On Margaret Thatcher

Here, richly, with ridiculous display,
The Politician’s corpse was laid away.
While all of his acquaintance sneered and slanged
I wept: for I had longed to see him hanged.

With the modification of the relevant personal pronouns, Hilaire Belloc’s famous ditty seems particularly apt today.

How to remember Margaret Thatcher? Shall we recall the friend of Augusto Pinochet, the woman who protested bitterly about the arrest of Chile’s murderous dictator, a man to whom, she said, Britain owed so much? What about the staunch ally of apartheid, the prime minister who labelled the ANC ‘terrorists’ and did everything possible to undermine international action against the racist regime? The anti-union zealot who described striking miners defending their livelihood as an ‘enemy within’, hostile to liberty? The militarist who prosecuted the Falklands war, as vicious as it was pointless? The Cold Warrior, who stood by Reagan’s side, while the US conducted its genocidal counterinsurgencies in Latin America? The British chauvinist who allowed Bobby Sands to slowly starve to death?

Naturally, the Left must resist any and all attempts to posthumously sanctify this evil woman, particularly as the very publications that launched disinformation campaigns about Hugo Chavez with his corpse still warm suddenly denounce any discussion of genuine history as an outrageous attack on the recently departed. Stay tuned for a ghastly parade of social democrats paying tribute to a woman who despised their kind – and worse still, the disinterment of various ex-radicals to mutter about how, while they hated Thatcher back in the day, they now belatedly mourn the passing of a political giant.

In the fact of that kind of fraudulent sanctimony, well, as Oscar Wilde noted about Little Nell, you’d need a heart of stone not to laugh.

That being said, I’ve never found merriment over anyone’s death particularly edifying. Marx liked the Latin maxim ‘Nothing human is alien to me’, and there’s a sense in which mortality of any kind under any circumstances confronts us all as a common enemy – though it’s entirely possible that those whose relatives sailed the Belgrano feel somewhat differently.

But there’s a more important reason to not get carried away with celebrations over Thatcher’s passing – and that is, simply, she’s not dead.

Yes, the Iron Lady’s mortal flesh might have given up but her ideas, like some malignant virus, have well-and-truly spread throughout the world. There are Margaret Thatchers of both genders sitting throughout the Australian parliament.

That’s the argument embedded in Belloc’s wit. Back in the day, we could confront Thatcherism’s original host body. Now, that opportunity has passed – and the Left faces the much more difficult task of defeating the less obvious Thatcherites who still walk among us.

Overland is a not-for-profit magazine with a proud history of supporting writers, and publishing ideas and voices often excluded from other places.

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Jeff Sparrow is a Walkley Award-winning writer, broadcaster and former editor of Overland.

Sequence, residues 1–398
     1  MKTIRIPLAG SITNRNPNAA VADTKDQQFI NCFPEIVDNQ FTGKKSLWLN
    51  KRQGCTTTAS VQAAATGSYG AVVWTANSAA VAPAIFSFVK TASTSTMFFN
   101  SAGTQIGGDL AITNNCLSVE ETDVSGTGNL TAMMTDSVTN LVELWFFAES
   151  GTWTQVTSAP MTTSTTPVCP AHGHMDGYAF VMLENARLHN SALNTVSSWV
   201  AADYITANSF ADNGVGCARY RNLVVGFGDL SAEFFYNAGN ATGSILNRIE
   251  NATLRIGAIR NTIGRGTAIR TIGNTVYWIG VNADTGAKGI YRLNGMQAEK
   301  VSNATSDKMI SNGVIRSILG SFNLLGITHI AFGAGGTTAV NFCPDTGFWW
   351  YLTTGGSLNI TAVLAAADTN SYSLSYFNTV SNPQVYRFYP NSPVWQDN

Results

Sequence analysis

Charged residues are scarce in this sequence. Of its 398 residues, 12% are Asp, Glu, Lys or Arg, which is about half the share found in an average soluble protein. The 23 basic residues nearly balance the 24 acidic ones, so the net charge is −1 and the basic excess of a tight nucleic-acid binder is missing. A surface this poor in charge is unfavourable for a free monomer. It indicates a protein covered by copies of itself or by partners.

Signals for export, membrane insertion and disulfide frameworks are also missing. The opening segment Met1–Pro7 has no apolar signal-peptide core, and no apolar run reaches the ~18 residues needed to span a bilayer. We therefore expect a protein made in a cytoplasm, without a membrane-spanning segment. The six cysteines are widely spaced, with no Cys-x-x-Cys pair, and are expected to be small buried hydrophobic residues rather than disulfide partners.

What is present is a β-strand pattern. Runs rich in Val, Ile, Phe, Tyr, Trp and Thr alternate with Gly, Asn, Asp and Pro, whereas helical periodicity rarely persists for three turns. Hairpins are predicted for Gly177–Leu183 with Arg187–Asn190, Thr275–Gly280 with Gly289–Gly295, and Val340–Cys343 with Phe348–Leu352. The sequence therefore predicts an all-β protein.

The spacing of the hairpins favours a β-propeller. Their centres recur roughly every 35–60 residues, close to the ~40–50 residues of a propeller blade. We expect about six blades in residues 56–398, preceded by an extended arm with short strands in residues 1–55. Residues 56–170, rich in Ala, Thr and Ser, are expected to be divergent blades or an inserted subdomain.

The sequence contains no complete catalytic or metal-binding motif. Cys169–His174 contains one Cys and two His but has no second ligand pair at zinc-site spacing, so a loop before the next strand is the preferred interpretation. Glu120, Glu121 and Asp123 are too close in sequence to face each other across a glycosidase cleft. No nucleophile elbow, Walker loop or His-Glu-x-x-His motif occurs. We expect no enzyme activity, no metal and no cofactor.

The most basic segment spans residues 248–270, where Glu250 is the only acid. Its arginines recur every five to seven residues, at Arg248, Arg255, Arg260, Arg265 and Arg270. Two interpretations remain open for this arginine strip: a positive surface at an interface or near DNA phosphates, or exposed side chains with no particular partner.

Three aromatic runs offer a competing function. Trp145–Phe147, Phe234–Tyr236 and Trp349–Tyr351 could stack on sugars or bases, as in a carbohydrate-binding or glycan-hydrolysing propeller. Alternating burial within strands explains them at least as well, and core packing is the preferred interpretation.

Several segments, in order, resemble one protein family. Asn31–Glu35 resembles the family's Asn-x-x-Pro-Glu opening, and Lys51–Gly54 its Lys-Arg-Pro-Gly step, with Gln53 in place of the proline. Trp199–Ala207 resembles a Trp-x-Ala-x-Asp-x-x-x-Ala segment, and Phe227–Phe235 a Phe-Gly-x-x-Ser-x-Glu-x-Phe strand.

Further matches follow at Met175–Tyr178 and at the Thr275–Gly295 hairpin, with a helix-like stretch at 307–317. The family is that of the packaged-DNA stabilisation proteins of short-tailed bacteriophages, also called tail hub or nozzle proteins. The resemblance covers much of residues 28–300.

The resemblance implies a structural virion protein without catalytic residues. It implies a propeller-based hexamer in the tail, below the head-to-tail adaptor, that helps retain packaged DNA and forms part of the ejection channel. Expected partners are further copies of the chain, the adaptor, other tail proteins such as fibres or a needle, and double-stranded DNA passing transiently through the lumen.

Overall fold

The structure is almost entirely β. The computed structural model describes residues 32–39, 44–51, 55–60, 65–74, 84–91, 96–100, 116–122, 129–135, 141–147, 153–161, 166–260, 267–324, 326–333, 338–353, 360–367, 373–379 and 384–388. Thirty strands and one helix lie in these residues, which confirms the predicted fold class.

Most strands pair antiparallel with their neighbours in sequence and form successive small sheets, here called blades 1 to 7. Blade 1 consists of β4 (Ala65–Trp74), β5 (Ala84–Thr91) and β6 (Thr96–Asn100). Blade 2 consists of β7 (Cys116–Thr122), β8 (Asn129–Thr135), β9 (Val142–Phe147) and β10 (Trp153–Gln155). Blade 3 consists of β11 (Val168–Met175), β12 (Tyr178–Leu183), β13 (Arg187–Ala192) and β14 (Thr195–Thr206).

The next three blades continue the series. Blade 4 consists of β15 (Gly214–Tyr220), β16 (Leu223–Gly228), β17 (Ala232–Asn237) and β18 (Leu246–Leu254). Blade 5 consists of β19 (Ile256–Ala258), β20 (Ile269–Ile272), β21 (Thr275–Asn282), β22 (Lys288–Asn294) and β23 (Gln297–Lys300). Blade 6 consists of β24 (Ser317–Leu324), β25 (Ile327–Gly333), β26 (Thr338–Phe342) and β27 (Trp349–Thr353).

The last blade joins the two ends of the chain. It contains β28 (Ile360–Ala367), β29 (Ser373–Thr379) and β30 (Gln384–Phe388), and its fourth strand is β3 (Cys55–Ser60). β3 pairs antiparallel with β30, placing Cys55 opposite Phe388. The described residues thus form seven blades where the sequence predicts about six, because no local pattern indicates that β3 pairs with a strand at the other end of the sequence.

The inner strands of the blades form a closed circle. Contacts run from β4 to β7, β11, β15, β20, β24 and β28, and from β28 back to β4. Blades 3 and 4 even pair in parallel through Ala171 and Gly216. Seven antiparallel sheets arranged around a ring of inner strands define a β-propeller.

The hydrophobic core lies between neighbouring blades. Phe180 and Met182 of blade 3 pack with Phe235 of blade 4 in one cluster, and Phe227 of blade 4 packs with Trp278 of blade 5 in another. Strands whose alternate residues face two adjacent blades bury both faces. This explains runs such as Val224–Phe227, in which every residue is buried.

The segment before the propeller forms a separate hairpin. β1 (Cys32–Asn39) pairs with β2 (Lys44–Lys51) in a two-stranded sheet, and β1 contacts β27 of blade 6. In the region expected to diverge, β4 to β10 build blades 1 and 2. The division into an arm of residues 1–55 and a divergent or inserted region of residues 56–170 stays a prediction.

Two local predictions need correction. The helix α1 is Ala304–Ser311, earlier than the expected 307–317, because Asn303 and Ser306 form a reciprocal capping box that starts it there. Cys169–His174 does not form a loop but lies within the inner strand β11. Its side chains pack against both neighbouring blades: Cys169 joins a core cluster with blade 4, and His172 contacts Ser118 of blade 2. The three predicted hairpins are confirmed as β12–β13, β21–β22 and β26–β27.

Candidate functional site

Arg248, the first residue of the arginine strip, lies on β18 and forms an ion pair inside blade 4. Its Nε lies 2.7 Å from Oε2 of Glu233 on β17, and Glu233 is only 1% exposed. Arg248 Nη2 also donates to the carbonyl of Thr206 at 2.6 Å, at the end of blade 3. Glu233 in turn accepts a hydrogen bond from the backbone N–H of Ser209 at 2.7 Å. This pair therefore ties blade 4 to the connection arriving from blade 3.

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  1. I can see why people might say “good riddance” to Thatcher, but the level of glee with which her death has been greeted is a bit creepy really. Her death is more a victory for her – getting to the grave before her war crimes caught up with her. I don’t really see what there is for the left to celebrate in all this.

  2. Well said, Jeff, esp about fact that her legacy lives on – neoliberalism, economic ‘rationalism’, alive, kicking and virulent in Canberra, Washington, London, and etc.

  3. Of course Thatcherism lives on-not least in the UK and Australian Labor parties.
    But I think a little visceral delight in the passing of such a determined hater of the working class is not out of place. As I remember someone saying about the deaths of many more worthy people-Rejoice, rejoice.

  4. Shakespeare was very wise and knew much about human foibles at a time when generally there wasn’t much around in the way of psychology, and other related subjects.

    It seems apt at this stage to quote a passage from Julius Caesar in relation to Margaret Thatcher:

    Friends, Romans, Countrymen, lend me your ears.

    I come to bury Caesar, not to praise him.

    The evil that men do lives after them,

    The good is oft interred with their bones.

    As far as I can see, the only good Thatcher did was to die!

    Mannie De Saxe

  5. Jeff, well written piece but I smile at your reference to disenchanted radicals – maybe they’ve just grown up! Every sin of Mrs Thatcher that you list is so because it offends your view of how the world should be – but remember, for a Bobby Sands there are those that hate what he did to them, for a ‘Belgrano’ there is a HMS Sheffield, for the Faulklands there is the horror of the Argentinean Junta and the people actually living on the islands. She was a monster in your eyes but I imagine some of your heroes are monsters to others. What you have written just gives your followers a warm glow and antagonises your opponents – so how does that help the world move to a better place?.

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